Sorghum

Sorghum is one of the top cereal crops in the world, along with wheat, oats, corn, rice, and barley. Originally cultivated in Egypt in antiquity; the largest producers of sorghum in the modern era are still in Africa, although the crop has spread to southern Asia and the Americas as well. An annual grass that is extremely drought tolerant, sorghum is an excellent choice for arid and dry areas. Sorghum has the ability to adapt to weather extremes and is a very stable source of nutrition as a result. It is most commonly red and hard when ripe and is usually dried after harvesting for longevity, as the grains are stored whole.

Sorghum is a type of grain that is commonly grown in warm regions. It can be eaten as porridge or turned into flour and baked into breads and cakes. Sorghum is significantly more nutritionally dense than ordinary white flour. Some sweeter varieties of sorghum can also be used to create a molasses like syrup.

Versatility

Sorghum is an extremely versatile plant – these are just some of the uses for it:

  • flour
  • brewing
  • sorghum molasses
  • snacks
  • cereals
  • bio fuels
  • animal feed
  • beverages
  • pigments for food, cosmetics and other applications
  • biodegradable packaging
  • straw can be used for furniture, cabinetry, interior design elements, wall coverings

Health Benefits of Sorghum

The whole sorghum grain consists largely of carbohydrates, but it also boasts plenty of good protein, plenty of vitamins and minerals, very little fat and a miniscule amount of saturated fat, with little sodium and zero cholesterol. The rest of the grain is fibre. Sorghum supplies a lot of phosphorus, iron and potassium, significant amounts of magnesium and calcium, and even some zinc. A cup of sorghum also supplies significant proportions of the RDA of several important B vitamins – thiamine, niacin and riboflavin.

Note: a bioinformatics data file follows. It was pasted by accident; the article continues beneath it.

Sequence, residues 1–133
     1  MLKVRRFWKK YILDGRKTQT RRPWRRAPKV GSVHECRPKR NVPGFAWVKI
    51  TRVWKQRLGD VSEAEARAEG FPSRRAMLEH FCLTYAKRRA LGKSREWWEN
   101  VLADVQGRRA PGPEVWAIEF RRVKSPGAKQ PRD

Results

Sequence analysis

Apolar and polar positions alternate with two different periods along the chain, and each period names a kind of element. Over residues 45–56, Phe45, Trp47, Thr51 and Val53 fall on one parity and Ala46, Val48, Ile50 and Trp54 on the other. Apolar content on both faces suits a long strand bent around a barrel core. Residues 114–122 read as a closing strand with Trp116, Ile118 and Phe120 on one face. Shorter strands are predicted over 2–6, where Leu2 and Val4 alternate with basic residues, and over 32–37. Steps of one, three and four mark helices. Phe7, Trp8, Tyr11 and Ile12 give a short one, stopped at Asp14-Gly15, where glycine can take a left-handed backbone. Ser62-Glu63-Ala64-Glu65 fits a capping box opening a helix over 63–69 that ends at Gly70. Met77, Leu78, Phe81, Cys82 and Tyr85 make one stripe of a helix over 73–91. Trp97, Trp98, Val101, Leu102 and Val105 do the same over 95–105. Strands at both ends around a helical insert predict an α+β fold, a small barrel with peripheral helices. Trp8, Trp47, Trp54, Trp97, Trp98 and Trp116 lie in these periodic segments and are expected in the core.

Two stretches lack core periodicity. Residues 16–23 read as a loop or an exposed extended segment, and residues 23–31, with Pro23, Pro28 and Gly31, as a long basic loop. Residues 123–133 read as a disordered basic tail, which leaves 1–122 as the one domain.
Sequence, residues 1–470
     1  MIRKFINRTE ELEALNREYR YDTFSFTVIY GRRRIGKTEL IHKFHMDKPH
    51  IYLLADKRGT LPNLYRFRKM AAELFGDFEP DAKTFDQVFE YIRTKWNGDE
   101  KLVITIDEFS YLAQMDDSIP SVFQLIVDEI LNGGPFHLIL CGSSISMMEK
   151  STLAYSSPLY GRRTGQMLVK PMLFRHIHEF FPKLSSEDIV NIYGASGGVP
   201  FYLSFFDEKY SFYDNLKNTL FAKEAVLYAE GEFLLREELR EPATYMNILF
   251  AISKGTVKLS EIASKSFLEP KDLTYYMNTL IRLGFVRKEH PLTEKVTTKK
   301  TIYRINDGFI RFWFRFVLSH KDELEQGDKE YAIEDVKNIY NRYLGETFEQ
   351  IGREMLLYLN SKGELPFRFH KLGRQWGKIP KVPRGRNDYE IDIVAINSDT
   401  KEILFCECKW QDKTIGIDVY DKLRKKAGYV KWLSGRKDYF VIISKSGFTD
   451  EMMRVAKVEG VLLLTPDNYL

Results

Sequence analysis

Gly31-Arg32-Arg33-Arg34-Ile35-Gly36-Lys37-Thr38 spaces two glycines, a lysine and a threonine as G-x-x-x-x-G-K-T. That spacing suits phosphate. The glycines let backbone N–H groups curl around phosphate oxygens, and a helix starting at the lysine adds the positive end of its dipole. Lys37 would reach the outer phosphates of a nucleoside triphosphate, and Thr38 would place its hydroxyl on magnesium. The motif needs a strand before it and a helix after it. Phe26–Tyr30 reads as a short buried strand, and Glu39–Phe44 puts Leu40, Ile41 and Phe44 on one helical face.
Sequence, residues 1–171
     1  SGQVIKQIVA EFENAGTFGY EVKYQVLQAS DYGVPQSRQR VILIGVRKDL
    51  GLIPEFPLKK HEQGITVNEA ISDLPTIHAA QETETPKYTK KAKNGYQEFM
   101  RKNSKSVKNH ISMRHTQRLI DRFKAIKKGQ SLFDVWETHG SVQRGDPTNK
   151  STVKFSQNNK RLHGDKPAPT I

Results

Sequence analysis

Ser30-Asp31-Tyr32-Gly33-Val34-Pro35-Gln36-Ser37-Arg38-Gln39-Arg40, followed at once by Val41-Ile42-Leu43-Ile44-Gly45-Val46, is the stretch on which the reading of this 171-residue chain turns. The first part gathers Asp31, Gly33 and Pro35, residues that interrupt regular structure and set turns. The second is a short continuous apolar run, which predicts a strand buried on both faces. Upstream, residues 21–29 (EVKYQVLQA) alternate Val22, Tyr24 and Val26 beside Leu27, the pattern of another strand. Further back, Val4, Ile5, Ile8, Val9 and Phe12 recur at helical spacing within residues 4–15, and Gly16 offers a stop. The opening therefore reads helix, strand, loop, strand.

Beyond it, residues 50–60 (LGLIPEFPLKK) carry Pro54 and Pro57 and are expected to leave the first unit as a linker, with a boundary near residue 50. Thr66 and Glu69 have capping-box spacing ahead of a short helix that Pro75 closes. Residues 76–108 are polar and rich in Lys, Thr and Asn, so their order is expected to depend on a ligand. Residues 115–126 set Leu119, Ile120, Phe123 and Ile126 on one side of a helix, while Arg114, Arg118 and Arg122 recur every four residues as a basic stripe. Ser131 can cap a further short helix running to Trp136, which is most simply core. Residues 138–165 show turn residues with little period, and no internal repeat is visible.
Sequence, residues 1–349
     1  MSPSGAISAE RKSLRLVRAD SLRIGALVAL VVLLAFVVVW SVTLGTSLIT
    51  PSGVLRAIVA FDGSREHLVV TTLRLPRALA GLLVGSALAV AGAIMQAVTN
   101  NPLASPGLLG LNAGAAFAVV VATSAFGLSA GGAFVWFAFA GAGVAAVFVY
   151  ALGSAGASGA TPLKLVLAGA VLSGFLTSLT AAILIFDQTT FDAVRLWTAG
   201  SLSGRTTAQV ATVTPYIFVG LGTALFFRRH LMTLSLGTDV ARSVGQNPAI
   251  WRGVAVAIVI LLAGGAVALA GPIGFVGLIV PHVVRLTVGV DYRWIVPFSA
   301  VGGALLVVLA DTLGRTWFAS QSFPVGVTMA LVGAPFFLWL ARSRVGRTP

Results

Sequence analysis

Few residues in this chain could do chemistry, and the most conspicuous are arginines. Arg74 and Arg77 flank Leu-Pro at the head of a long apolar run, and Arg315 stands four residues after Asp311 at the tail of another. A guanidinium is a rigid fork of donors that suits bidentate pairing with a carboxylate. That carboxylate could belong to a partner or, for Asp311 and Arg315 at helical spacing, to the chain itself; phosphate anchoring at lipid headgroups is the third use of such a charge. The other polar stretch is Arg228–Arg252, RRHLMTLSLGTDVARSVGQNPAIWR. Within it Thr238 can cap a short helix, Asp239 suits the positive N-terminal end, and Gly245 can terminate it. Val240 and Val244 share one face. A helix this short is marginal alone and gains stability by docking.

Sorghum is favoured by the gluten intolerant and is often cooked as porridge to be eaten alongside other foods. The grain is fairly neutral in flavour, and sometimes slightly sweet. This makes it well adapted to a variety of dishes, because, like tofu, sorghum absorbs flavours well. It can also be eaten plain.

This grain is commonly eaten with the hull, which retains the majority of the nutrients. The plant is very high in fibre and iron, with a fairly high protein level as well. This makes it well suited to its use as a staple starch in much of the developing world.

Brewing

The grain is also used around the world to brew beers. In South Africa, sorghum is used to make beer, while in China it is used in the making of distilled beverages like kaoliang and maotai. Compared to sorghum, the cost of large-scale brewing of barley is costly – in some countries sorghum is substituted for barley in the brewing process.

Sorghum beer is one of the most popular drinks amongst health-conscious drinkers and is known as bil-bil in Cameroon, burukuto in Nigeria, pombe in East Africa and bjala in North Sotho. The first sorghum beer to be produced and marketed throughout the United States was Redbridge.

Sorghum Syrup

Another type of sorghum, sweet sorghum, is grown for the manufacture of syrup. In the case of sweet sorghum, the stalks of the plant are harvested, rather than the seeds, and crushed like sugar cane or beets to produce sorghum syrup. After crushing, the syrup is cooked down to concentrate the natural sugars and packaged for sale.

Sorghum syrup and hot biscuits are a traditional breakfast in the Southern United States. Sorghum syrup is also used on pancakes, cornmeal mush, grits and other hot cereals. It can be used as a cooking ingredient with similar effects as molasses. Despite the fact that the nutritional content of sorghum syrup is relatively high, blackstrap molasses provide far more nutrients.

In the U.S. since the 1950s, sorghum has been raised primarily for forage and silage, with sorghum cultivation for cattle feed concentrated in the Great Plains (Texas, Kansas, and Nebraska are the leading producers), where insufficient rainfall and high temperature make corn production unprofitable.

Sweet sorghum syrup is called “molasses” or “sorghum molasses” in some regions of the U.S., but the term molasses more properly refers to a different, sweet syrup, made as a by-product of sugarcane or sugar beet sugar extraction.